The medicine may also irritate any nerves near the treated area, which can cause numbness, tingling or ‘pins and needles’. Nerve damage is very rare and if it happens, is usually temporary. Usually the area recovers fully but occasionally it can be permanently affected. It can also affect the muscles in the area, causing spasms or weakness, although this usually improves in a few days or weeks.
 
Sclerotherapy works for most children but not all of them. Experience helps us understand which malformations are more likely to respond. If the doctors feel that the first sclerotherapy treatment has not been very successful, they might suggest surgery, perhaps in combination with further sclerotherapy.

Are there any alternatives?

Sometimes, the doctor may suggest surgery to remove the malformation. Sclerotherapy may then be used to shrink the veins before surgery.

What happens afterwards?

Your child will return to the ward after they have recovered from the anaesthetic. Some children feel sick and vomit after a general anaesthetic. Your child may have a headache or sore throat or feel dizzy, but these side effects are usually short-lived and not severe. Your child can start eating and drinking as normal once they feel like it.
 
If your child’s venous malformation affects their arm or leg, the area will be covered with a crepe (stretchy) bandage after the procedure. Your child may need crutches for a few days afterwards to keep the weight off the leg. The physiotherapist will show your child how to use them properly before you go home.
The venous malformation will almost certainly look worse after the procedure as the bruising and swelling last for a few days. The treated area will feel uncomfortable afterwards but children’s pain relief medicine is usually enough to deal with any pain.
 
The doctors will come to check your child’s progress on the ward and will give you some information about what they have done during the procedure. 
The medicine injected into the venous malformation can turn your child’s urine a brownish colour. If this happens, it is usually noticeable the first time they wee after the procedure but usually only lasts a day. It is helpful for your child to drink plenty of fluid in the first 24 hours after the procedure.

Going home

You will be able to go home once the doctors are happy that your child is recovering well. 
 
Sclerotherapy usually causes the treated area to swell. It will feel tight but usually not painful. Most children only need a dose or two of children’s pain medicine, such as paracetamol or ibuprofen. Swelling should start to go down within two weeks but the effects of the treatment, such as a decrease in pain or size, might not be obvious for a couple of months.
 
Your child may have dark-coloured urine during the first few hours after sclerotherapy. This is due to the drug being washed out of the blood by the kidneys. If this happens, it is important that your child drinks plenty of water for the first two days after the procedure.
 
You should call the hospital if:
  • Your child is in a lot of pain and pain relief does not seem to help
  • The skin near the treated area is blistered or blackened or the skin becomes sore
  • Your child complains of numbness or ‘pins and needles’ near the treated area or there are signs of muscle weakness or spasm
  • The treated area is unusually hot, red and painful and your child is general unwell with a high temperature or not eating or drinking as usual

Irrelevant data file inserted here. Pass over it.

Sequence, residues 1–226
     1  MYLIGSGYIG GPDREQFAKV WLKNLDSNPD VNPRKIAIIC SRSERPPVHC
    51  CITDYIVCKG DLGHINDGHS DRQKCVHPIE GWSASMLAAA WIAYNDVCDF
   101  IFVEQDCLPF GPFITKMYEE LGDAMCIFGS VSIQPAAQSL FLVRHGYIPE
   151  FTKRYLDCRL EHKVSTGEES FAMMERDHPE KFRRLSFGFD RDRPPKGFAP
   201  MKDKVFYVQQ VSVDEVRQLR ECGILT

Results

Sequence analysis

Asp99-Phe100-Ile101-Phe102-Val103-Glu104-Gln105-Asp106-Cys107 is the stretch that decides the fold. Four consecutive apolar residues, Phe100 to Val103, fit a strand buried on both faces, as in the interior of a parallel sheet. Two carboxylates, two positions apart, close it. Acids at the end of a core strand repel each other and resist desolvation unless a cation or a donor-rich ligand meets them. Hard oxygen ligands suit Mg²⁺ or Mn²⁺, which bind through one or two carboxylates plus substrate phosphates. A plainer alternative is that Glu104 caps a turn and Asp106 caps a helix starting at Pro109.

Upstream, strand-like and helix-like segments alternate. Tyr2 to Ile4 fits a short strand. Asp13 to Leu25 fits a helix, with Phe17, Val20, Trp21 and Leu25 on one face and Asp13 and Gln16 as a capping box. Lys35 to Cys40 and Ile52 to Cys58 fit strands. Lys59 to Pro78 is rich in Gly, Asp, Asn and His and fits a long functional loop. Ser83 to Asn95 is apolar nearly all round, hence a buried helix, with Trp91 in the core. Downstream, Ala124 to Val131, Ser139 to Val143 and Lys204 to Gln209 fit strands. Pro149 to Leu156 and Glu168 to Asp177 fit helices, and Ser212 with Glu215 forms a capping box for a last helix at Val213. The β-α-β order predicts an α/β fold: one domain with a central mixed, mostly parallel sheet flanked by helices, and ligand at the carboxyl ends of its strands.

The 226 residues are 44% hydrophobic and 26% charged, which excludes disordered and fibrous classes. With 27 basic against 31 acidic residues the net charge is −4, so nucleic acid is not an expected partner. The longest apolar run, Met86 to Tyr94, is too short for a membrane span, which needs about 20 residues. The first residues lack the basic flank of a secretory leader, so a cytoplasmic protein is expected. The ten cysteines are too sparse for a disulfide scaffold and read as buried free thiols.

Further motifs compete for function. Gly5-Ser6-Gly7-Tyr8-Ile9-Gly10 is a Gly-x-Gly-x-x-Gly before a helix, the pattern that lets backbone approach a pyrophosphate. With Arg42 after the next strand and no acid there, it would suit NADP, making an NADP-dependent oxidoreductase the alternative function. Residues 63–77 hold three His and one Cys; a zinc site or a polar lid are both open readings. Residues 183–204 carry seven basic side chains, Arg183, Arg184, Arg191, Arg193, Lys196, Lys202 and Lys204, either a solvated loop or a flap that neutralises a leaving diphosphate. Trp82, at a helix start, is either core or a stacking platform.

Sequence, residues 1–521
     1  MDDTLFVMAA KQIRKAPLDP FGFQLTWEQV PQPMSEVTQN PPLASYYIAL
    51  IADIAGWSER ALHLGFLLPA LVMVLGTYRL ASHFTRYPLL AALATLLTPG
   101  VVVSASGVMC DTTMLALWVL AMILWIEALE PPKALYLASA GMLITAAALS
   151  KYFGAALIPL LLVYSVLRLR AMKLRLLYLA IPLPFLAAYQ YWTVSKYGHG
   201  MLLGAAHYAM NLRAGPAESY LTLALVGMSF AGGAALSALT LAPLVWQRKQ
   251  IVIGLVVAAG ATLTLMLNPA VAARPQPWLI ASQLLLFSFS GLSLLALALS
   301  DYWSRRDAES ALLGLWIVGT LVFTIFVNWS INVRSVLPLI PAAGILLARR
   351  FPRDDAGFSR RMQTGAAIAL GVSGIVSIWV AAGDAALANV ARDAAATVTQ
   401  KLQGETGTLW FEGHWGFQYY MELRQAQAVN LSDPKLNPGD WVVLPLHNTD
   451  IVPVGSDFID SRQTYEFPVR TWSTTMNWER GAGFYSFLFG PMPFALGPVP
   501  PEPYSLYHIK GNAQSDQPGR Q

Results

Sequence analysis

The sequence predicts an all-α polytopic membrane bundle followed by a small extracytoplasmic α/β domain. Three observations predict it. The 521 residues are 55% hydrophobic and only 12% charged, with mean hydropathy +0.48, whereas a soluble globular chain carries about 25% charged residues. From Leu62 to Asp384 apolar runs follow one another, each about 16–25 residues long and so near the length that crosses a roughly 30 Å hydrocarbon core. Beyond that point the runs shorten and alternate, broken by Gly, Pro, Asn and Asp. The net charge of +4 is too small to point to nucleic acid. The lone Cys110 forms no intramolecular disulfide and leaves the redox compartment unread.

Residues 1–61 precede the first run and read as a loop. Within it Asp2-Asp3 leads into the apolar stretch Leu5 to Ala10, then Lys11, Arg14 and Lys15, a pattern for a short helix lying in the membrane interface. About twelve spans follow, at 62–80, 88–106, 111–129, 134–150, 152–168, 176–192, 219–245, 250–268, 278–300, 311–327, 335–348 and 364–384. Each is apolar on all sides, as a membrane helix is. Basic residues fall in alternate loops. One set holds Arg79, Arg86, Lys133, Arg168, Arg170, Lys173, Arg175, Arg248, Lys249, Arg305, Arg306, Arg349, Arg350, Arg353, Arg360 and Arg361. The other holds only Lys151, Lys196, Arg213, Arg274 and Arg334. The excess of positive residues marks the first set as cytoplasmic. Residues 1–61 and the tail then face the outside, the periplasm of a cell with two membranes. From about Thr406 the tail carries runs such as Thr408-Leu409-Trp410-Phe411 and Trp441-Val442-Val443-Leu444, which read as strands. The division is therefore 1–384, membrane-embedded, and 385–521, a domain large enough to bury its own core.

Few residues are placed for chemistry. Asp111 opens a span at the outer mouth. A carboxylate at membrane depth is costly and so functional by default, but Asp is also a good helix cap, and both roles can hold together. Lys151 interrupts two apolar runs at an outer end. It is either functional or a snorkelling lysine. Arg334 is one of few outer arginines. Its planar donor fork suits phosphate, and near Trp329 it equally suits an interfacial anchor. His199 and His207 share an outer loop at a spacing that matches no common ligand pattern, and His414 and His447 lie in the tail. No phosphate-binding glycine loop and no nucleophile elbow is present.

After sclerotherapy, your child may have a crepe bandage on the area treated. This may be quite tight. The aim of this is to keep the treated veins compressed so that they cannot refill with blood and become stretched or baggy again. Tight bandaging gives them a chance to shrink down following treatment.
 
If your child usually has a compression garment, you can replace the bandage with your child’s usual compression garment. If the garment is still too tight due to the area being swollen, you should keep using the crepe bandage, keeping it as tight as possible, until the compression garment fits again.
When you re-apply the bandage, start at the foot or hand and work towards the body. This will compress the treated veins but still allow blood flow to the limb.
 
Your child should rest the limb for the first 48 hours where possible and practical, and then be encouraged to mobilise. It is important to start using the limb again as much as possible so that it does not get stiff or weak. Swimming and cycling are good exercises to get your child moving again.
Your sclerotherapy doctor will tell you the length of time your child should wear the compression garment. You can remove it briefly for baths and showers but make sure the water is not too hot as this will increase pain and swelling.
 
If they usually wear a compression garment, your child can go back to the normal compression garment instructions given previously by the doctors in clinic. They can also go back to normal activities, such as swimming, dancing or outdoor games, that were allowed before treatment.

What happens next?

The doctors will tell you if your child needs further sclerotherapy procedures and if so, when. Your child might need to have a routine outpatient appointment a few weeks afterwards before this decision is made. We will send you a letter with the planned date of the outpatient appointment or next treatment session.
Your child might need several sclerotherapy procedures to reduce the malformation. As sclerotherapy causes swelling and discomfort, it is safer to carry out several smaller treatments limiting the effects each time. Sclerotherapy will not ‘cure’ the malformation but it should shrink it significantly. Occasionally children need to have further sclerotherapy as they get older.
Compiled by: 
The Interventional Radiology team in collaboration with the Child and Family Information Group
Last review date: 
August 2019
Ref: 
2019F0507

Disclaimer

Please note this is a generic GOSH information sheet. If you have specific questions about how this relates to your child, please ask your doctor. Please note this information may not necessarily reflect treatment at other hospitals.